Whale, common name for large, aquatic or marine mammals of order Cetacea, which inhabit all oceans.
 Whale, common name for large, aquatic or marine mammals of order Cetacea, which inhabit all oceans.

Killer Whale
Also called Orca, the killer whale can be seen off the coast of British Columbia (Corel Professional Photos).
Right Whale
The right whale was the first whale species commercially exploited and it was almost driven to extinction (artwork by Heather Caldwell).
Humpback Whale
The humpback whale is known for its haunting song (Corel Professional Photos).
Orca Whales
Orca whales at sea (courtesy Masterfile).
Bowhead Whale
Over exploitation of the bowhead whale led to measures to protect it in 1937 (artwork by Heather Caldwell).
Whales of Canada
1. grey whale, 2. Minke whale, 3. Pacific white-sided dolphin, 4. Dall's porpoise, 5. harbour porpoise, 6. humpback whale, 7. killer whale, 8. long-finned pilot whale, 9. Northern right whale, 10. bowhead whale, 11. Atlantic white-sided dolphin, 12. Stejneger's beaked whale, 13. white-beaked dolphin, 14. Sie whale, 15. Northern bottlenose whale, 16. narwhal, 17. fin whale, 18. blue whale, 19. sperm whale, 20. beluga, 21. Cuvier's beaked whale (artwork by Pieter Folkens).


Whale, common name for large, aquatic or marine mammals of order Cetacea, which inhabit all oceans. Whales range from about 30 kg for some of the smaller dolphins to over 150 t for the blue whale. Whales belong to 2 suborders: Mysticeti, baleen or toothless whales; and Odontoceti, toothed whales (smaller kinds of which are called dolphins or porpoises).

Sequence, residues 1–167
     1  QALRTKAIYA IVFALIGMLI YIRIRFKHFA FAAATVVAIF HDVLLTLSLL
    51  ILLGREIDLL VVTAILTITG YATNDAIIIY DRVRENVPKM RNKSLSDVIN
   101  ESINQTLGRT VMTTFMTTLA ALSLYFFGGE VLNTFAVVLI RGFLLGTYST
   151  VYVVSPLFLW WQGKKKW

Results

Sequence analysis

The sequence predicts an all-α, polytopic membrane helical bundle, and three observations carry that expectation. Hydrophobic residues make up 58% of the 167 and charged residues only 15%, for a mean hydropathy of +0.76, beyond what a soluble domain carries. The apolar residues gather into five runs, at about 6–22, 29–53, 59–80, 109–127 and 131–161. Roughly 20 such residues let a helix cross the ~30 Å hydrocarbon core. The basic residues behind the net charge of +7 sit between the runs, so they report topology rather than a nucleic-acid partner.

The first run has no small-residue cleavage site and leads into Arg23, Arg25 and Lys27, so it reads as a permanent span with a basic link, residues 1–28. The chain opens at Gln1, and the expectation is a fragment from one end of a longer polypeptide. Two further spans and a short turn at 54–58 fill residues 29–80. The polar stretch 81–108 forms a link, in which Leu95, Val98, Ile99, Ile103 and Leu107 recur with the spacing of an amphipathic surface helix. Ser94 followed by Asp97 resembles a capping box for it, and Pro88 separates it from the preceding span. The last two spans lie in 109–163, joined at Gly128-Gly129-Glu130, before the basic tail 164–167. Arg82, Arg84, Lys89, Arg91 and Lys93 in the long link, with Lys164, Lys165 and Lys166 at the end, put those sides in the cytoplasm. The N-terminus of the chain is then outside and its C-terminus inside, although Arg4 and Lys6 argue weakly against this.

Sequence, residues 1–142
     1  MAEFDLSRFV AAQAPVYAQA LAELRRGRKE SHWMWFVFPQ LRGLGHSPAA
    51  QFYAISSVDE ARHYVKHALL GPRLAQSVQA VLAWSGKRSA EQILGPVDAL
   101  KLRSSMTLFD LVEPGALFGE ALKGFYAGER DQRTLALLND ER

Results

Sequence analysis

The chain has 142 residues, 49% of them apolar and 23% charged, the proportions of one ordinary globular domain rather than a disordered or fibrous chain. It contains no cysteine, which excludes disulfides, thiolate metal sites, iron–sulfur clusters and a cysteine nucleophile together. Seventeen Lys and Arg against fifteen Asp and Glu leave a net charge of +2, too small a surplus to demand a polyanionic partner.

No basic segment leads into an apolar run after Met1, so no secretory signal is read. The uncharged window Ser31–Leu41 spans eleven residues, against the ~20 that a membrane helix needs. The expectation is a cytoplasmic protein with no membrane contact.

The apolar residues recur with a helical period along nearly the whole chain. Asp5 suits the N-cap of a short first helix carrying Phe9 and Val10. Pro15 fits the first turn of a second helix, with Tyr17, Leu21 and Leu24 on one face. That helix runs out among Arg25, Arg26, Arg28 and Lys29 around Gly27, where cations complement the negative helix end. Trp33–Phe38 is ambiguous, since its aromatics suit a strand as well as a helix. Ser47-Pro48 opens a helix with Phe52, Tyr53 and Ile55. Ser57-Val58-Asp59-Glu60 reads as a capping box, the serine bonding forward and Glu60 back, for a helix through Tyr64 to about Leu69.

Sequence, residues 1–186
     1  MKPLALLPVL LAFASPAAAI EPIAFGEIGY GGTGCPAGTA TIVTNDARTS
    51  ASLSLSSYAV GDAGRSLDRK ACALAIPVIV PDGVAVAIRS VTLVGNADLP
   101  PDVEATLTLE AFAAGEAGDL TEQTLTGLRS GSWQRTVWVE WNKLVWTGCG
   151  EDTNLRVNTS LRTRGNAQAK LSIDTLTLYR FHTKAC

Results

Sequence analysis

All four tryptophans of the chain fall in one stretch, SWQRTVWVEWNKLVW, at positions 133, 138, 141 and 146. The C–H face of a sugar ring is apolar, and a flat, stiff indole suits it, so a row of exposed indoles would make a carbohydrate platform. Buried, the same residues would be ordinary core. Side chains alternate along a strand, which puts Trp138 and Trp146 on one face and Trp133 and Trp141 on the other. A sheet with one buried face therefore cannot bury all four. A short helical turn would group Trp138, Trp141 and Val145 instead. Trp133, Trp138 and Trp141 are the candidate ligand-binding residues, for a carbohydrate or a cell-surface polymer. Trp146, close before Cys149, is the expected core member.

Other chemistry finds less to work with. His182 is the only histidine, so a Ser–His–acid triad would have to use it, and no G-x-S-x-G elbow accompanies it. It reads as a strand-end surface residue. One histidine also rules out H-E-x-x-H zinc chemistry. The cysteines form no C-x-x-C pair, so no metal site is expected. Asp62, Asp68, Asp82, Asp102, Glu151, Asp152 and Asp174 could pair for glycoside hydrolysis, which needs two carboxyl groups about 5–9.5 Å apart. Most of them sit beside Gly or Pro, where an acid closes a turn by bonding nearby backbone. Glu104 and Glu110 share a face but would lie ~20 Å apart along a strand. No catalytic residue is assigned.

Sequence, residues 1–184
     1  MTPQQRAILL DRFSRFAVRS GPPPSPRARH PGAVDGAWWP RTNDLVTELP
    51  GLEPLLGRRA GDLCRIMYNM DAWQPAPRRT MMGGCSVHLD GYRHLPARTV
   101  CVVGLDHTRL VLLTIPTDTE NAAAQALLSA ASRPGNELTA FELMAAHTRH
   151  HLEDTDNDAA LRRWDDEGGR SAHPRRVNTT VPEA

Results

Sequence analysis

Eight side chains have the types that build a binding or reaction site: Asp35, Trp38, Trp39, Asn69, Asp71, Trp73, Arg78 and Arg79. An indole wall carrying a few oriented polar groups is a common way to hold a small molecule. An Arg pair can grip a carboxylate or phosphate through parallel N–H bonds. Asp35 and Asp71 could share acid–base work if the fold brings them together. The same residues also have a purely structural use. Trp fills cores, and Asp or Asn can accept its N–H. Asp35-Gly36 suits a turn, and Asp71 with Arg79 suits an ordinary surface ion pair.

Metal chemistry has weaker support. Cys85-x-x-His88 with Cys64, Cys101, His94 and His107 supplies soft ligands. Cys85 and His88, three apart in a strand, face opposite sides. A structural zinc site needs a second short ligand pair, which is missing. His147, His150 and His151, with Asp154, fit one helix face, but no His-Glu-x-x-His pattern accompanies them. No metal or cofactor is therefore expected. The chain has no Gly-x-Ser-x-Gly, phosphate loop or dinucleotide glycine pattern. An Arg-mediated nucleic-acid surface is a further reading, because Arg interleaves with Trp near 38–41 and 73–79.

Distribution and Habitat

Canadian waters are rich in whale fauna (8 species of mysticetes, about 25 species of odontocetes), and the commercial search for these animals was significant in early exploration (see Whaling).

Because of overexploitation, several species are rare, eg, bowhead (Balaena mysticetus), an arctic mysticete; right whale (Eubalaena glacialis), a temperate zone mysticete; and blue whale (Balaenoptera musculus), largest animal ever known.

The grey whale (Eschrichtius robustus) was extirpated in the N Atlantic and depleted in the N Pacific. Today, however, its migration along the N American Pacific coast is one of the world's great wildlife spectacles.

The cosmopolitan sperm whale (Physeter catodon), the largest odontocete, preys mainly on squid and usually remains in deep water. Adult bulls seasonally visit high latitudes; females and young remain in temperate or tropical waters.

The beaked whales (family Ziphiidae) are rare in coastal areas, but Baird's beaked whale (Berardius bairdii) off the BC coast, and the northern bottlenose (Hyperoodon ampullatus) off NS, have been hunted by shore-based whalers.

Whale Watching

Since the 1972 moratorium on commercial whaling in Canada, whale watching has become popular. Several species, especially beluga, fin and minke whales (Delphinapterus leucas, Balaenoptera physalus, B. acutorostrata, respectively) and blue whales occur along the N shore of the St Lawrence River estuary.

Pilot (Globicephala melaena), humpback and fin whales are the main attractions off Newfoundland; right, fin and humpback whales in lower Bay of Fundy; killer whales (Orcinus orca), humpback (Megaptera novaeangliae) and grey whales off BC. The humpback whale is known for its haunting "song".

See also Endangered Animals.

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